If you struggle with perfectionism, I understand how you feel. For years, I’ve seen perfectionism as my biggest weakness.
But what if there was a way to work better with perfectionism?
What if perfectionism is not a weakness,
but instead a misused strength?
For me being a perfectionist means living in the constant strain of the gap between what I can envision, and what I can create. And my vision grows faster than my skills, so my choices are: finish imperfectly or not at all.
The common advice is to just “push through” and keep releasing imperfect work until you’re finally able to close that gap.
It seems like sound advice. But taking this approach, it will be years of strain until you get to feel the joy of finishing work and being proud of it.
I will not accept that for myself, and neither should you.
There must be a better way…
How Often are You Proud of Your Work?
Here’s something you may have forgotten:
Pride in your work has nothing to do with its external quality.
Imagine a painter who frequently takes a knife to her work, to the horror of those around her. “Stop! It’s great work!” they say, but she trashes it all the same.
Now imagine a first-time potter, who tries and fails repeatedly to make a small bowl. When he finally finishes, he beams with pride over his misshapen “bowl”.
So which is the perfectionist: the painter or the potter?
They both are.
Why the difference then? Why is one disappointed and strained, while the other is proud and content? Is it temperament? Naivete? Does the painter feel the weight of expectations, while the potter has none?
I spend a lot of time on the floor with my son Zeno, playing with Duplo blocks. I’ll build spaceships or helicopters at his request. He’ll be making random irregular towers, and declaring them to be a “bird”, “elephant”, or “dinosaur”.
He concentrates intently, and when he’s done he’ll clap his little hands and say “Yaay, [z]eeeno!” as he looks at me with a deep and genuine pride.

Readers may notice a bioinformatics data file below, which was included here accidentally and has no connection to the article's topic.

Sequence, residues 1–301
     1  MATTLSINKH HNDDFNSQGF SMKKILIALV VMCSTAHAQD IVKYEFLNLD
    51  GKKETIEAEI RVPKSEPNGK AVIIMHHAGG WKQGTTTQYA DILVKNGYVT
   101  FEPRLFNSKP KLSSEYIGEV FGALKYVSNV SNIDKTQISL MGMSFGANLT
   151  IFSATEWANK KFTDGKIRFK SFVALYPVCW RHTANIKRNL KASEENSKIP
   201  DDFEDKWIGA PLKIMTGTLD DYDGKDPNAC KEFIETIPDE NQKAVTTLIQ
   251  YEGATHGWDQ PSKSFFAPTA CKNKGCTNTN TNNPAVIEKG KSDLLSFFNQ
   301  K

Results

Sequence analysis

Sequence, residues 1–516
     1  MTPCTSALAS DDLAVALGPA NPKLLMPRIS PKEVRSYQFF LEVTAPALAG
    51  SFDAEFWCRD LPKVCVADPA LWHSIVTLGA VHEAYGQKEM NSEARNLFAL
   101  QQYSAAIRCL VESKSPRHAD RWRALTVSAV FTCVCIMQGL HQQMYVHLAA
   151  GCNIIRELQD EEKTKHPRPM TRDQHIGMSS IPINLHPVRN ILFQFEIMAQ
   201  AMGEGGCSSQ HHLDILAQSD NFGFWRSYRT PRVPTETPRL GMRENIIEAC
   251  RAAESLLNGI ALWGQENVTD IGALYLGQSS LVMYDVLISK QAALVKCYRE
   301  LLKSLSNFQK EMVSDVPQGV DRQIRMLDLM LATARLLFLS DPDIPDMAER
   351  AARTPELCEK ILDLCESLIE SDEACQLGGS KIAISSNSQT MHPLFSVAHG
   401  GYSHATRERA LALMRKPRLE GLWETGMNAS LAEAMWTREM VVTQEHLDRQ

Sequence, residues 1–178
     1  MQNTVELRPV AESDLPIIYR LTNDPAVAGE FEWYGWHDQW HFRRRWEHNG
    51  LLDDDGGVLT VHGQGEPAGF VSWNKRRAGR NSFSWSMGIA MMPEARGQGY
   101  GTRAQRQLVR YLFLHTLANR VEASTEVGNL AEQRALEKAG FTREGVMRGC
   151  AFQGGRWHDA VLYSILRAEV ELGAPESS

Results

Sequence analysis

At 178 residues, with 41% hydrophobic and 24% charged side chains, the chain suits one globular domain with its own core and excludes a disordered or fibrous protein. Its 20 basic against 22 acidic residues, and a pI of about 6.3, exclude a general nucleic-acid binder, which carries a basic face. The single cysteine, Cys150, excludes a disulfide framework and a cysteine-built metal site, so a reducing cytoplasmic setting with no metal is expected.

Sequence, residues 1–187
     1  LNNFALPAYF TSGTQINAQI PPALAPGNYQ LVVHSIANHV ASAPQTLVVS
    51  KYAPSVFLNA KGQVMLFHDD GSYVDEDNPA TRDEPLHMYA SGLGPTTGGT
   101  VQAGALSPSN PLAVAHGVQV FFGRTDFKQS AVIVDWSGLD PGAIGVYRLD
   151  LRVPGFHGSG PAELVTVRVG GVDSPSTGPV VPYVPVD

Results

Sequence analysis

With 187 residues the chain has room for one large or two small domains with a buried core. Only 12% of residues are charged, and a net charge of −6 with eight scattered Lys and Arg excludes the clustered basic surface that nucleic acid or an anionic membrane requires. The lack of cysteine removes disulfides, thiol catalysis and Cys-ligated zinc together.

It seems we are born knowing this, but somehow forget:
Quality is always relative.
He doesn’t care that my blocks are “better”. He doesn’t care that his aren’t as good as he will later be able to make them. All he cares about is that he did the best he could with what he had.
And in the process, he challenged himself just enough to experience flow while working. Naturally and without being taught to, he practiced deliberately on the skills that were just beyond his reach.
Perfect Flow: In Practice
So how can we work with pride and contentment throughout our lives, not just in some distant and imagined future? How can we quietly persist in getting better, when we feel the constant strain of the “gap”, and the expectations we have of our own great potential?
Start with something just beyond your current reach.
Work in flow as long as you need to till you feel proud of what you’ve done.
And only then, release your work into the world.
If you want to write great novels, start by writing flash fiction. Give yourself completely to the 250 word story you want to create. Want to blog? Focus on short blog posts, rather than long ambitious treatises. Do you want to develop a product? Make half a product, not a half-assed product. Do you want to paint? Paint small and often.
Don’t stop working until you feel the subtle warm glow of pride. The signal that, while it might not be “perfect”, it’s the best that you can do right now.
And know that it is more than enough.
4 thoughts on “Use Perfectionism to Achieve Flow”
I agree. For me, the problem was choosing what in my life and work to try to be perfect about. Some things, I found, you just have to let go and not worry too much about.
Yes, you are right Rick. I didn’t touch on this, but it’s true: it’s important to couple this with finding the essential core.
What is it that you want to do, and do well. And what can you put aside as not important, and let go.